On 18 September 2014 Scottish voters will decide
whether Scotland should become an independent country. There has
been extensive debate about the impact of independence. This report
focuses on what the constitutional implications for the rest of
the UK would be were a "yes" vote to be returned.
Of prime importance would be whether the rest of
the United Kingdom would be the "continuator" state,
retaining its current international status and institutions. The
evidence we received demonstrated that it would, and that an independent
Scotland would be a new "successor" state. This would
have significant implications for negotiations about independence
following a "yes" vote. It would mean that UK institutions
(including Parliament, the BBC and the Bank of England) would
remain institutions of the rest of the UK. It would affect how
assets and liabilities would be apportioned, with certain assets
apportioned in accordance with legal principles and other assets
and liabilities subject to political negotiations, based on the
principle of equity.
Statements by UK Government ministers suggest that
they would cease to represent the interests of Scotland immediately
after a "yes" vote. We conclude that this would create
constitutional difficulties: while the political dynamic would
have changed, the UK Government would continue to have international
and domestic responsibilities for Scotland between a "yes"
vote and the date of independence. Arrangements would need to
be made to ensure that Scotland continued to be represented internationally.
On domestic matters reserved to the UK Parliament, the Scottish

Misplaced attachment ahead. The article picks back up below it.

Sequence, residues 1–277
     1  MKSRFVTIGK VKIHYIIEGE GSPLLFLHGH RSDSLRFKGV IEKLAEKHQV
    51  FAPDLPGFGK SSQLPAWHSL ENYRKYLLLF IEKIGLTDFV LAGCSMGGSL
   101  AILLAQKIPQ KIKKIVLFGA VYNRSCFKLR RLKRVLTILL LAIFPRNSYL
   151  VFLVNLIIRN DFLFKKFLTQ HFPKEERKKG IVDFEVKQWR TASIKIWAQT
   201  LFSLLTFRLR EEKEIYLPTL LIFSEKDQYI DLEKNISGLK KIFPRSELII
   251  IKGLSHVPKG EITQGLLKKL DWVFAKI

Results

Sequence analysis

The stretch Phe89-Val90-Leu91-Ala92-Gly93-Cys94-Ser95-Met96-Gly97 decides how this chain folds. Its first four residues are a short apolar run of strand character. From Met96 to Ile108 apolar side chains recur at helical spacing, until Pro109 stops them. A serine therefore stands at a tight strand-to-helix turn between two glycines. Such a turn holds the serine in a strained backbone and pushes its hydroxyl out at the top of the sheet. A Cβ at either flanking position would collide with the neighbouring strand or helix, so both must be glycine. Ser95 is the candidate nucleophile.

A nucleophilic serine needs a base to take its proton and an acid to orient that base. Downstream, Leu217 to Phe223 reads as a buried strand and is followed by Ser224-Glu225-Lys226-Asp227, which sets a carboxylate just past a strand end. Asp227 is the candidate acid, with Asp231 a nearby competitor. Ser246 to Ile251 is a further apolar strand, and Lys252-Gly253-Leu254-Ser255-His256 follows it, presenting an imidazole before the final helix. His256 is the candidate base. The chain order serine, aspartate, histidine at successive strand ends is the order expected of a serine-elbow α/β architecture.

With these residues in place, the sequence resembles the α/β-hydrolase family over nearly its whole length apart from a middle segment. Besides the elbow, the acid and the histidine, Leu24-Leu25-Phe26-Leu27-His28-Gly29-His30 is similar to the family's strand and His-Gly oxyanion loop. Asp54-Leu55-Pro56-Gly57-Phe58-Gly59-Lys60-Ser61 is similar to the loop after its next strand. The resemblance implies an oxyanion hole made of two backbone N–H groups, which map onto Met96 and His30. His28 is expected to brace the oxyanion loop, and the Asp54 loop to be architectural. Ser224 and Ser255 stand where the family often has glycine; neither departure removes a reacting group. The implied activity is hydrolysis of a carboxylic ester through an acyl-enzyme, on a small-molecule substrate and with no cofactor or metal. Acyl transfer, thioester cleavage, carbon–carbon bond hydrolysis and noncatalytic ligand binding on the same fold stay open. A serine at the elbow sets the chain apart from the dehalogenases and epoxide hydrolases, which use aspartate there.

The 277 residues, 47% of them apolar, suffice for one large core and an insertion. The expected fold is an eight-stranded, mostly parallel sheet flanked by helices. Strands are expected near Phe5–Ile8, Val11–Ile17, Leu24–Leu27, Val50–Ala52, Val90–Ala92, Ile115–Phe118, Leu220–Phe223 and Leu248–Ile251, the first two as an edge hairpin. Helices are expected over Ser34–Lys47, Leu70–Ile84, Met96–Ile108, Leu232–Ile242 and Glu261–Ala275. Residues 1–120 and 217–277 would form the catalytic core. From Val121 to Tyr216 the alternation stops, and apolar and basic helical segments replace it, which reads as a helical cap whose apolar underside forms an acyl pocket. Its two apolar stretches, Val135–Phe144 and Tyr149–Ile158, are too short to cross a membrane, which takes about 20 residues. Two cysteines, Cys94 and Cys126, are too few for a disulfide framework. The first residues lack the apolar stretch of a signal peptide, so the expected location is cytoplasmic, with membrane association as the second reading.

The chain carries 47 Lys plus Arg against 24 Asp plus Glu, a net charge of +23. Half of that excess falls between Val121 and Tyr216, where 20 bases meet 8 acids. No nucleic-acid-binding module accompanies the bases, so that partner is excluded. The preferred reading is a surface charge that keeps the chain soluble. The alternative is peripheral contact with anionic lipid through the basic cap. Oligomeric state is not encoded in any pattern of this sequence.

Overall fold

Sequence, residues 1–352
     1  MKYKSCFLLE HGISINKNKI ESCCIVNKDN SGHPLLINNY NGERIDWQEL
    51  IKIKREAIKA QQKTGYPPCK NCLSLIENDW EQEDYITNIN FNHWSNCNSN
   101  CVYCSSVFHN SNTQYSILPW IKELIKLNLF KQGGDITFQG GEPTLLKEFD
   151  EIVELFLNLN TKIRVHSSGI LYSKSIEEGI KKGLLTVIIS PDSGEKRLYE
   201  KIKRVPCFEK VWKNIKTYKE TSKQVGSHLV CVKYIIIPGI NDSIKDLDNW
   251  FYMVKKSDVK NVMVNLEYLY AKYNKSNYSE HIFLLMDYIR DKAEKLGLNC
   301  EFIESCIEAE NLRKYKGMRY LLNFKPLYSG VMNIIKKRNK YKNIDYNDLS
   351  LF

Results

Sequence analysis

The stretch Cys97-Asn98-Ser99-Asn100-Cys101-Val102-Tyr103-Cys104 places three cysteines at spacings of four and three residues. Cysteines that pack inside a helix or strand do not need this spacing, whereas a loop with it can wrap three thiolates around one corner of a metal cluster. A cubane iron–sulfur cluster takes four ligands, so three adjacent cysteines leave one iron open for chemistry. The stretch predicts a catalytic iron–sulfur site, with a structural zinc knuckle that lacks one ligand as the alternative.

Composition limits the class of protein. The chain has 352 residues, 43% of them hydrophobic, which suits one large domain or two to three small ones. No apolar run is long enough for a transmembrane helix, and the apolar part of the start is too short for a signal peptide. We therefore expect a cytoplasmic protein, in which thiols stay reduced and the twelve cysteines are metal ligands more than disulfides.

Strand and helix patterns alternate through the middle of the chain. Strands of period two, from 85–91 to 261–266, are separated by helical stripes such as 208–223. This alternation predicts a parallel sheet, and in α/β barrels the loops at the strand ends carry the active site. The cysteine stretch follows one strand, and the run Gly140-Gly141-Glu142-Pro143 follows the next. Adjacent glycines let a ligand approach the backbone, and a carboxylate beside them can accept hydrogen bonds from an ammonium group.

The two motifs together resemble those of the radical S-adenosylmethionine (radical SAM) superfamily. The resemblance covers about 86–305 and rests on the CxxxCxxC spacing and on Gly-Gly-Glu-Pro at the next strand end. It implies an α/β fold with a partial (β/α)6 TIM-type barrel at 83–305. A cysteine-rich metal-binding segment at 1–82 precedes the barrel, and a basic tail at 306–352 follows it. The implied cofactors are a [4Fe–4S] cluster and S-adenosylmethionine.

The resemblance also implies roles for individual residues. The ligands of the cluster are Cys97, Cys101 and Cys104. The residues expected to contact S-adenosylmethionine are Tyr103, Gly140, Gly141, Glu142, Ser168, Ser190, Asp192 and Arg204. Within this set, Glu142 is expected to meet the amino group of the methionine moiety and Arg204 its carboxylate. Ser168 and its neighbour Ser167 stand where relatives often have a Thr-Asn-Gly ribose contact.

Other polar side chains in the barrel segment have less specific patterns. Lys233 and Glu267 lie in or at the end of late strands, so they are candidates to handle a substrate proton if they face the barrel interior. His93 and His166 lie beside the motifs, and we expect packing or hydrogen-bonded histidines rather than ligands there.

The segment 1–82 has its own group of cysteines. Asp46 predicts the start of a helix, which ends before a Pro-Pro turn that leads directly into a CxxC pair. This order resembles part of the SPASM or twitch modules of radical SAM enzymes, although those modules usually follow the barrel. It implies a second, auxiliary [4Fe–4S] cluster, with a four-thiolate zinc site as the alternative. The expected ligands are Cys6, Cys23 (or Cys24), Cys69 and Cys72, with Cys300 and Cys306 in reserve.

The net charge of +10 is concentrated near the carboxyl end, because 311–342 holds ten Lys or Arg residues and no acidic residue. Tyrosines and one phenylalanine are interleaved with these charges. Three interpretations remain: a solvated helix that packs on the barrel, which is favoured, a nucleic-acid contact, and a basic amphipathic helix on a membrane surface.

Government should be consulted during this period on long-term
decisions primarily or solely affecting Scotland.
MPs for Scottish constituencies should remain in
Parliament until Scotland became independent and leave at that
point. Any changes in their status after a "yes" vote
being returned, and the timing of their departure from Parliament,
would need to be settled quickly. The same issue would not arise
for Scottish peers who sit as peers of the United Kingdom; under
current law they would, however, need to be taxpayers in the remaining
UK to continue to sit.
We recommend that, to avoid any risk of legal challenge,
a bill should be introduced soon after a "yes" vote
to establish a negotiating team for the rest of the UK and to
devolve to the Scottish Parliament power to do the same for Scotland.
A small team representing the UK Government should negotiate for
the rest of the UK, in consultation with the official opposition
and the Welsh and Northern Irish executives. MPs representing
Scottish constituencies should not negotiate for the rest of the
UK, hold those negotiators to account nor ratify the outcome of
the negotiations. There would be no constitutional or legal necessity
to adhere to the Scottish Government's proposed timetable of independence
in March 2016.
Following negotiations, UK legislation would be needed
to end the UK Parliament's jurisdiction over Scotland and to enact
the results of negotiations.